Certainly the later lines are more assured but the borrowed braggadocio is the same and we wonder, in both instances, as to who in fact is speaking. The persona, Pound's beloved mask-face, of the later poem may have a richer glaze or be more spider-webbed at the corners of the eyes but it is still a speaking surface, the masquerade of a voice, rather than a specific and irreducibly distinctive one; it would not plot on a voice-graph.
I stress this not to discredit or belittle Pound but because it is of his essence as a poet. As the man got more and more crusty, obstreperous and repellent, the poet grew ever more impersonal, translucent and serene; especially in reading his many translations from the Chinese, which occupy the major portion of the present edition, one gets the impression that, in his lyrics at least, Pound was striving not so much to be a modernist but a kind of archaic folk-poet, or, indeed, a whole folk unto himself:
With thud of the deep drum, Flutes clear, doubling over all, Concord evens it all, built on The stone's tone under it all. T'ang's might is terrible With a sound as clear and sane As wind over grain.
I wonder sometimes whether the strange facelessness of his most characteristic work was not a lifelong reaction to the excesses of his early period. For many years Pound was committed to deliberately archaic diction, all too evident in the present compilation. I suspect that his immersion in the language and literature of Italy may have been partly responsible for this unfortunate phase. Certainly his antiquarian manner is most on display in his versions of Italian poets. Italy represented the fount and origin of Pound's inspiration; he began his serious writing there and there he ended. And as much as it nourished him, Italy also--Pound's own private Italy--prompted some of his worst excesses, the ugliest of which are the Cantos (LXXII and LXXIII, for example) he composed directly in Italian (I translate a brief sample: "In the beginning, God/the great aesthete, after having created heaven and earth ... shat out the great usurer Satan-Geryon/prototype of Churchill's bosses"). But his involvement with that country and its tradition poses something of a puzzle. The Italian poets within Pound's wide range, from St. Francis and Cavalcanti to Leopardi--he ignored the Baroque as well as Mannerism--write a plain and straightforward Italian with few flourishes; it is, in fact, part of their glory to have scaled such heights of expression with such simple means. But when Pound comes to translate them he indulges in affectations of diction and phrasing that often seem grotesque. By contrast, his translations from the Greek, Latin, or Chinese rarely display these antics.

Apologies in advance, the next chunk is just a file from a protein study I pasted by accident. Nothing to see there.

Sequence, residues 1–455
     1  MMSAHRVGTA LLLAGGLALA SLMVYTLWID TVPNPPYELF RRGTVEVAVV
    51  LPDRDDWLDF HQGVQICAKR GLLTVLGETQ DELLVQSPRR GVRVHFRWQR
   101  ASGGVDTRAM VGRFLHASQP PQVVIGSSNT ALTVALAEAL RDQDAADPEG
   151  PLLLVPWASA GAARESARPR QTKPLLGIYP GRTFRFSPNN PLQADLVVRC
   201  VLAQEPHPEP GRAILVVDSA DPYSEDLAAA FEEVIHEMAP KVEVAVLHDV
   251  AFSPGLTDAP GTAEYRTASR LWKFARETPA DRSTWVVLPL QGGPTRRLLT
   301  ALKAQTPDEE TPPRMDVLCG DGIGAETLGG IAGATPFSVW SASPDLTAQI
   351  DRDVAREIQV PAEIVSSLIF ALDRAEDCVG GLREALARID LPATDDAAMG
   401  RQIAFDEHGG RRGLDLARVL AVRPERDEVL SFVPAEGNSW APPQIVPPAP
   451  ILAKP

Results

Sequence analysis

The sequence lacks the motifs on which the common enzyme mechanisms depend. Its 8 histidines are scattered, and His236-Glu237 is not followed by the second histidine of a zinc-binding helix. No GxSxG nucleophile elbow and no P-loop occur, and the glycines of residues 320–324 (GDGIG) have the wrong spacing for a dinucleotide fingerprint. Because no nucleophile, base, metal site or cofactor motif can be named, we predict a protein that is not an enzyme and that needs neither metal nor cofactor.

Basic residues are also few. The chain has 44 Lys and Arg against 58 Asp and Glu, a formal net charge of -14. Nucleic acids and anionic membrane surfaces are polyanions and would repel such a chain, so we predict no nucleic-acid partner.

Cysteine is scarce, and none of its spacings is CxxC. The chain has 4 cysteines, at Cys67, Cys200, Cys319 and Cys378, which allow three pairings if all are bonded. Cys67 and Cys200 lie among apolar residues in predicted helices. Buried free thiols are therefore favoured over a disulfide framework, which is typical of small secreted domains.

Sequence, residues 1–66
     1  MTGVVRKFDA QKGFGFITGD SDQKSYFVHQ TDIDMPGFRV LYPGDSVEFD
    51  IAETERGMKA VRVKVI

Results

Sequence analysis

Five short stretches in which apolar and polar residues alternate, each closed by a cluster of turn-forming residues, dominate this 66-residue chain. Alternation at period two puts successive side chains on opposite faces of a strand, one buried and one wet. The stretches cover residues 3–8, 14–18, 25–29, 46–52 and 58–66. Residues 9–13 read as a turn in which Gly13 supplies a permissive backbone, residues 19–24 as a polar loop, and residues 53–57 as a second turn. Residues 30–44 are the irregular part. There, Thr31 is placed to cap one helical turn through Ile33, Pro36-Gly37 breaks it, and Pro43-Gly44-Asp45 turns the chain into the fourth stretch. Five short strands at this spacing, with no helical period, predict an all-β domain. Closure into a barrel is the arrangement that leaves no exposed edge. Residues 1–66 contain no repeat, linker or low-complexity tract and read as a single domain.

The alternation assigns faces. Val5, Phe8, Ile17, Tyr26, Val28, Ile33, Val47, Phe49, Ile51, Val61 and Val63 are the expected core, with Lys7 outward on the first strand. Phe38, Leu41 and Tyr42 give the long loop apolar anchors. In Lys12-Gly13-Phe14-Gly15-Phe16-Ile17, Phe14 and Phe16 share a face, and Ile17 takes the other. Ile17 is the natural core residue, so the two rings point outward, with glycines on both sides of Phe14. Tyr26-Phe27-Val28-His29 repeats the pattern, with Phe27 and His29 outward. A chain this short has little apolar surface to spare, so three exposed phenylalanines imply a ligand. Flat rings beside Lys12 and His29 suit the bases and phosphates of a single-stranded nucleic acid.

Of course, as anyone knows who has ever attempted to translate medieval Italian verse, it is exceedingly difficult to avoid padding, either overt or surreptitious. Dante Gabriel Rossetti, whom the young Pound admiringly termed his "mother and father" in the matter of verse translation, succeeded because his highly wrought pre-Raphaelite language was his own native idiom; it was not at war with his personal manner. But for Pound, toiling in Rossetti's wake, the problem was subtler: how to "make it new" without traducing either the spirit or the forms of the originals? Victorianisms, by which I mean the use of older verb forms ("heareth," "listeth," etc.) and obsolete adverbs, among other devices, do provide a quick fix; they allow the translator to enhance the cadence of his English by providing a small lilt, especially to our monosyllabic verbs. Pound has frequent recourse to such effects, as in his otherwise excellent translation of Guido Guinicelli's sonnet 'Vedut'ho la lucente stella Diana":
I have seen the shining star of the dawn Appearing ere the day yieldeth its whiteness.